Blake Anderson is moving from a “Workaholic” to being “Woke.” Anderson, who created/starred in the long-running “Workaholics” on Comedy Central, has a lead role in Hulu’s “Woke.” He plays Gunther, the stoner roommate of Keef Knight (Lamorne Morris, “New Girl”), a cartoonist who prides himself on keeping his work “light” — exasperated by the notion …
Blake Anderson is moving from a “Workaholic” to being “Woke.”
Anderson, who created/starred in the long-running “Workaholics” on Comedy Central, has a lead role in Hulu’s “Woke.” He plays Gunther, the stoner roommate of Keef Knight (Lamorne Morris, “New Girl”), a cartoonist who prides himself on keeping his work “light” — exasperated by the notion that artists are expected to provide social commentary in their work.
After an incident in which he’s racially profiled by the police, Keef becomes more attuned to racial injustice in the world — and develops the ability to hear inanimate objects around him talk about the problem.
“[The script] was something that I read probably almost two years ago [but] it’s kind of crazy that the show is so relevant right now,” says Anderson, 36. “I thought it was a cool way to take on some of these subjects, because it does have this whole element of puppetry and the fantasy aspect of being in Keef’s mind and seeing things come to life.
“And the show has a comedic tone,” he says. “Sometimes the best way to get a point across is to package it with laughs.”
Anderson, a lifelong Californian, got his start in improv comedy troupes including The Groundlings and Upright Citizens Brigade. He rose to prominence on “Workaholics” (2011-2017), which followed three college dropouts and housemates employed by a telemarketing company. He’s also appeared in shows such as “Arrested Development,” “Brooklyn Nine-Nine” and “Mixed-ish.”
“[Acting only] was something that was fairly new to me. I’m used to being kind of hands-on in all aspects of the shows that I’ve done in the past,” he says. “For [‘Woke’], they were very open to allowing us to improvise. I do the majority of my scenes with Lamorne and [co-star] T. Murph, because we’re best-friend roommates. And it helps to build that authentic friendship feel. So it was really cool to be able to have that freedom on the set.”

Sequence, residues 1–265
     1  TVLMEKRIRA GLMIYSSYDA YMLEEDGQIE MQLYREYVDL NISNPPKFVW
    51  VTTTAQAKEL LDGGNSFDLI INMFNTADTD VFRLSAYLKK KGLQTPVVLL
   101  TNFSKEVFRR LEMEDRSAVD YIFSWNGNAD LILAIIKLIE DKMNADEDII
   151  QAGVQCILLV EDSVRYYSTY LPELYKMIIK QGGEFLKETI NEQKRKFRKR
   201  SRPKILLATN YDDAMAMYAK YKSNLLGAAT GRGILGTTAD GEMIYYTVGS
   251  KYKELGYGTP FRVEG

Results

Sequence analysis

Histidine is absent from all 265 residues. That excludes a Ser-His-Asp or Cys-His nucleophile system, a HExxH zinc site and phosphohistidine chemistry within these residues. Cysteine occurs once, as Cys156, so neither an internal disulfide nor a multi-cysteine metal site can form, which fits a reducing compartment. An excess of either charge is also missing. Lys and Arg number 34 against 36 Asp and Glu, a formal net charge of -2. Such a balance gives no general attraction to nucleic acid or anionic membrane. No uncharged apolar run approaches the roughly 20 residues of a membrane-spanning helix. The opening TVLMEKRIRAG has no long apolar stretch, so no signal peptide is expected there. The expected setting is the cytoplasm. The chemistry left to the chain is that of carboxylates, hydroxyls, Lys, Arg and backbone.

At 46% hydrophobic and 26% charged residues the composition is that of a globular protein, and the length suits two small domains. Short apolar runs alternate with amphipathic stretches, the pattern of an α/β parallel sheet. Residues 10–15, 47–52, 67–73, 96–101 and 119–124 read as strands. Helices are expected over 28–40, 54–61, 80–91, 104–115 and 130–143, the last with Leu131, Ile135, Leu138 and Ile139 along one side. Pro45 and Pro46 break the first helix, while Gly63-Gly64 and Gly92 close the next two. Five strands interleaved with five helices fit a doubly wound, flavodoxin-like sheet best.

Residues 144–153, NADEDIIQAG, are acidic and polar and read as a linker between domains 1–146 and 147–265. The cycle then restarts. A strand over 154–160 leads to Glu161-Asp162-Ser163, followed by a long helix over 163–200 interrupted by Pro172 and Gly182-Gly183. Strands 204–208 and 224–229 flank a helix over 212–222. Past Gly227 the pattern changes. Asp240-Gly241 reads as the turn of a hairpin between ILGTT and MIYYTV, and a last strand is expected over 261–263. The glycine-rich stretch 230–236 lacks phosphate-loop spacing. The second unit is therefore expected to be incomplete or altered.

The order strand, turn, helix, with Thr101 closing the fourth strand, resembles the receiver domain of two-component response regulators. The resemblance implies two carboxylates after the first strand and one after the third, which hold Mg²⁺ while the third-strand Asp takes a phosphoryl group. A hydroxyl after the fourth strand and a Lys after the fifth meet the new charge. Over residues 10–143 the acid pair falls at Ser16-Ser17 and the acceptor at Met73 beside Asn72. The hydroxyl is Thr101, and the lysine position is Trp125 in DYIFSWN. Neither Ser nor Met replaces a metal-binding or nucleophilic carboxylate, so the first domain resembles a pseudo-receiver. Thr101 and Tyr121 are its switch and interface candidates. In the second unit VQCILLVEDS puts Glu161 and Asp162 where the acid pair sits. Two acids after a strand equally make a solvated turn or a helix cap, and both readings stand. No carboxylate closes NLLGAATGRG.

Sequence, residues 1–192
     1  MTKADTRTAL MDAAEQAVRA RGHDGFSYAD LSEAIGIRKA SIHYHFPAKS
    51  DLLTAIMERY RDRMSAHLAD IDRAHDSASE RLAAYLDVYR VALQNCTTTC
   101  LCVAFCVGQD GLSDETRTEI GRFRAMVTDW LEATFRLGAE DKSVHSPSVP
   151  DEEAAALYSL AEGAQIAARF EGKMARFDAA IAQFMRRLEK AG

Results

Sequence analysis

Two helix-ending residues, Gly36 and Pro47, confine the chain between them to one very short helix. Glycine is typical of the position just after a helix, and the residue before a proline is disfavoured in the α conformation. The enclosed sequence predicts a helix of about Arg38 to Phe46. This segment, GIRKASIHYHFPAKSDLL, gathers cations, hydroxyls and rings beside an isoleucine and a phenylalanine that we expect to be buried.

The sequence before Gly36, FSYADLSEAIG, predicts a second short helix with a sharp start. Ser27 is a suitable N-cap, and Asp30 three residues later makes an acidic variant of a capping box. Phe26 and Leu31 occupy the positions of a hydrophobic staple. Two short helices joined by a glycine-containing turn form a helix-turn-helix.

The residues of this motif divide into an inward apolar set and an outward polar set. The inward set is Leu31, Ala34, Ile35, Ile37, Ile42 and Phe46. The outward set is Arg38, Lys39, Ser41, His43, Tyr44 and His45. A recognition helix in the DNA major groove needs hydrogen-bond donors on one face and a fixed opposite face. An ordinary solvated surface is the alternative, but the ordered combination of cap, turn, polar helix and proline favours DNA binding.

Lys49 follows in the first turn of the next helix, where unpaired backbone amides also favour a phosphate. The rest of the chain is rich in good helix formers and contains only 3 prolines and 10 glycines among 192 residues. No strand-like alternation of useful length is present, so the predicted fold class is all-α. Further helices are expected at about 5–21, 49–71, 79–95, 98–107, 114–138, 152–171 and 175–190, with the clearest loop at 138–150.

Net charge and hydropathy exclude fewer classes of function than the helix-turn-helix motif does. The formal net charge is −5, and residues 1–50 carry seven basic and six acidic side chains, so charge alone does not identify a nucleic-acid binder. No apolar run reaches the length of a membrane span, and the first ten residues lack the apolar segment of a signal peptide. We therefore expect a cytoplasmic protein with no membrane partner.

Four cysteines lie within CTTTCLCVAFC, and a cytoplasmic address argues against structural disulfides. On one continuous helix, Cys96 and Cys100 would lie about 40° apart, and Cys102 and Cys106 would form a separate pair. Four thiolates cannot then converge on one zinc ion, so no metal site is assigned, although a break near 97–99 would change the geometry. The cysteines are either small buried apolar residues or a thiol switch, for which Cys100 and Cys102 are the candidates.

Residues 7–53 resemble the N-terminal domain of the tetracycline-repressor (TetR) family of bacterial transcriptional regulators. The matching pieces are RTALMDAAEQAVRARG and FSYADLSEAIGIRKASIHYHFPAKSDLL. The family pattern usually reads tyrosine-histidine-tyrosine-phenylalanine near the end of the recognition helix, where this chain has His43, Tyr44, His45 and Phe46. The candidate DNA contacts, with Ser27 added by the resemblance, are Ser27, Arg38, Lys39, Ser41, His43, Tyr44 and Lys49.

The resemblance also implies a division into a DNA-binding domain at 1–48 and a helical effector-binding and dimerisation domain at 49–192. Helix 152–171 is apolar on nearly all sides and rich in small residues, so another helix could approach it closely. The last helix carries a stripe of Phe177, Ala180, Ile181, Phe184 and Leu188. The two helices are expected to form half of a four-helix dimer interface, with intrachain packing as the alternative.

As Keef struggles to adapt his career as a cartoonist in the wake of his new mindset, Gunther and their other roommate Clovis (Murph) alternately support him and engage in their own wacky schemes — including trying to sell “energy powder” that Gunther swears is not cocaine.
“Gunther is not too far of a departure from what I usually play,” says Anderson. “It’s to be expected; I’m a long-haired, laid-back dude, so I kind of get cast as stoner types. Fair enough. I didn’t have to reach too far into my bag of tricks to find who this character was, but that’s also why I was cast and why it felt so good to improvise this character.
“I really felt like I could tap into him, because we aren’t too different, really.”
The distinctive coif that Anderson mentions has remained a signature part of his aesthetic through his career, and he says he’s never been asked to change it for a role.
“The only real pressure I get is just the weather in California. Having this mop on my head can be daunting,” he says. “You definitely get those days where you’re just ready to shave it. But other than that, I haven’t had Steven Spielberg knocking on my door telling me I can be in a war movie. I haven’t had ‘Star Wars’ call and say, ‘We need you to shave your head to be a Jedi.’ ”
In addition to “Woke,” Anderson also writes for and lends his voice to the animated Adult Swim series “Tigtones” (returning for its second season Sept. 13) — and he’s launching a podcast with his former “Workaholics” co-stars Adam Devine and Anders Holm called “This is Important.”
“I’m having this strange renaissance during this month,” he says. “I feel almost kind of bad — but I’m excited to give people stuff to watch.”